The Incredible Shrinking Peanut Butter Jar

In these difficult times, manufacturers don't want to raise prices but at the same time they face rising costs, so they elect to shrink the product. But they do so sneakily ... behold the incredible shrinking peanut butter jar:

... a careful look at the jars of Skippy on the shelves may reveal a surprise. The prices are about the same, but the jars are getting smaller.

They don't look different in size or shape. But recently, the jars developed a dimple in the bottom that slices the contents to 16.3 ounces from 18 ounces -- about 10% less peanut butter.

The only way to know you are buying less is to look at the weight on the label and recognize it's lighter than before Unilever, owner of the Skippy brand, switched out containers.

Across the supermarket, manufacturers are trimming packages, nipping a half-ounce off that bar of soap, narrowing the width of toilet paper and shrinking the size of ice cream containers.

Often the changes are so subtle that they create "the illusion that you are buying the same amount," explained Frank Luby, a pricing consultant with Simon-Kucher & Partners of Cambridge, Mass.


(Photo: Steven Senne/AP)

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I like to pretend that there's fewer Cheetos to a package, and that I'm saving a whopping 100 calories per snarfed-in-a-moment-of-weakness bag.

Please don't ask me to prove this. Let me live out my little fantasy.

(I AM peeved that cans of tuna look mysteriously under-filled, however. And more "tuna-looking". It's much more difficult to make into tuna sammiches with their "fresh-looking chunks" as opposed to "pre-cooked fish mush". BRING BACK THE MUSH!)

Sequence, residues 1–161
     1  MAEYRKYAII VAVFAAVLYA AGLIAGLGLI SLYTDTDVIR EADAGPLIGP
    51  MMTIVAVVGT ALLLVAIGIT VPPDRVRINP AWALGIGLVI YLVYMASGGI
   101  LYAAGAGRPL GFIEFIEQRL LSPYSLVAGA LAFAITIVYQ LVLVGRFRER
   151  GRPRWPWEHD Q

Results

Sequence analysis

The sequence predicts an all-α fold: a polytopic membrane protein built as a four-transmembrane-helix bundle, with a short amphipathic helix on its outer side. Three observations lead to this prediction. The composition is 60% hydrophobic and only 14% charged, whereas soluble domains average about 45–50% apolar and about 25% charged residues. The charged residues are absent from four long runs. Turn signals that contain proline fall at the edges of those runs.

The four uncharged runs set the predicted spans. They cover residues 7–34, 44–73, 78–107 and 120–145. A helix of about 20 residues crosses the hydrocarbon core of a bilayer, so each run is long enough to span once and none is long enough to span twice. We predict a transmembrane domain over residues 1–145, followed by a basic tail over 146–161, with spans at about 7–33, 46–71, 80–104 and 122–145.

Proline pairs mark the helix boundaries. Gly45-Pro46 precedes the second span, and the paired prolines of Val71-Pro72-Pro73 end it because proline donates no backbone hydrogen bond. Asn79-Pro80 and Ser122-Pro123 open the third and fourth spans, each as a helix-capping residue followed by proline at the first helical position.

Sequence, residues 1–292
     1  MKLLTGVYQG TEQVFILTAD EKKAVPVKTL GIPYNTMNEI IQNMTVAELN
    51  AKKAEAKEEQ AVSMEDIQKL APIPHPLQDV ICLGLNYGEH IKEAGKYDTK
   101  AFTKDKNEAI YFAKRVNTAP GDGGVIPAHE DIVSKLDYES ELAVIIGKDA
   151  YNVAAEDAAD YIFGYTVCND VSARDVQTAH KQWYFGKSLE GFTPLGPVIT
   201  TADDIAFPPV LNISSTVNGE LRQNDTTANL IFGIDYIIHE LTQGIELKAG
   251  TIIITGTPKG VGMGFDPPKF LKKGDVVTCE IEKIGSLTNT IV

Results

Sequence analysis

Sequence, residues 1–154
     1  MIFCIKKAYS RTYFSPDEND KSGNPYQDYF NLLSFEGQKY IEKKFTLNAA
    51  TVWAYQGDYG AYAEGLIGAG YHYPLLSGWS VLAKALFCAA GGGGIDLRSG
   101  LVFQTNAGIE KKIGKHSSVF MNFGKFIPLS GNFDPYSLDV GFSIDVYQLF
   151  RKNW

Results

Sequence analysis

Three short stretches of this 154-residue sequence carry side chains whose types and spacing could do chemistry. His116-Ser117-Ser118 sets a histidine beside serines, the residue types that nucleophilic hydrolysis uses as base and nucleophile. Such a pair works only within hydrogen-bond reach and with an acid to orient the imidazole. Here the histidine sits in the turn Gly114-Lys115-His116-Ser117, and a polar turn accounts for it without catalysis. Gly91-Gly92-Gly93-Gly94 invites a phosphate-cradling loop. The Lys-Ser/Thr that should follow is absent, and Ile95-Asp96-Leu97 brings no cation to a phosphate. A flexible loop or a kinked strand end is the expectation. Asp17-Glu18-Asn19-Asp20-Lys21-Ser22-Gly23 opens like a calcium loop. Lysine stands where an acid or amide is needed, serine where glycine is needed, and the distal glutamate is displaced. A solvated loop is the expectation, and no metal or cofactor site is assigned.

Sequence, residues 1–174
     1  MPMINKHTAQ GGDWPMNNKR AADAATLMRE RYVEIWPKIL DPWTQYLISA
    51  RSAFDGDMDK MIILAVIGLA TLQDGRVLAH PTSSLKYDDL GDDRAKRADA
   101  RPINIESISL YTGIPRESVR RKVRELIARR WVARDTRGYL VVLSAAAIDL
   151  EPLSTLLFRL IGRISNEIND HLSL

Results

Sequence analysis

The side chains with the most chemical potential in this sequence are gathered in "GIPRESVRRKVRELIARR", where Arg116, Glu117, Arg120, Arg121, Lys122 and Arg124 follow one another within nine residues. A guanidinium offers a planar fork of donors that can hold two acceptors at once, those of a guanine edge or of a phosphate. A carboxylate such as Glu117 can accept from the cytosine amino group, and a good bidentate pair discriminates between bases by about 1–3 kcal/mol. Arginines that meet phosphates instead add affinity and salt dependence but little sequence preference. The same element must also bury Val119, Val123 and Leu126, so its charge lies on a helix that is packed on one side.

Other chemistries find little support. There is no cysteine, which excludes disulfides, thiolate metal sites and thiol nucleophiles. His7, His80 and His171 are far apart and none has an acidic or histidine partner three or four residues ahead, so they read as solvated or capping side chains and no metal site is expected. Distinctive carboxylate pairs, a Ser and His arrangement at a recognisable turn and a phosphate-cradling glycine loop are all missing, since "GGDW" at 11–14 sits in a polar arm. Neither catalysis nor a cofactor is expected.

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Zo- how are the smaller water bottles "more eco friendly" when you are using more plastic to bottle up a gallon of water. For example, a single one gallon bottle of water would use less packaging (i.e. plastic) than would eight, 16 ounce bottles of water. I don't see how this is "more eco-friendly" unless you are talking of the gas savings I would have by lugging around a thinner wallet.
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As long as the weight or volume printed on the label is accurate, this kind of thing doesn't bother me too much.
But changing the serving size on the nutrition label doesn't change the serving size people eat. So it bothers me when companies change it just to appear lo-fat/lo-cal without any reduction in their customers fat/calorie intake.
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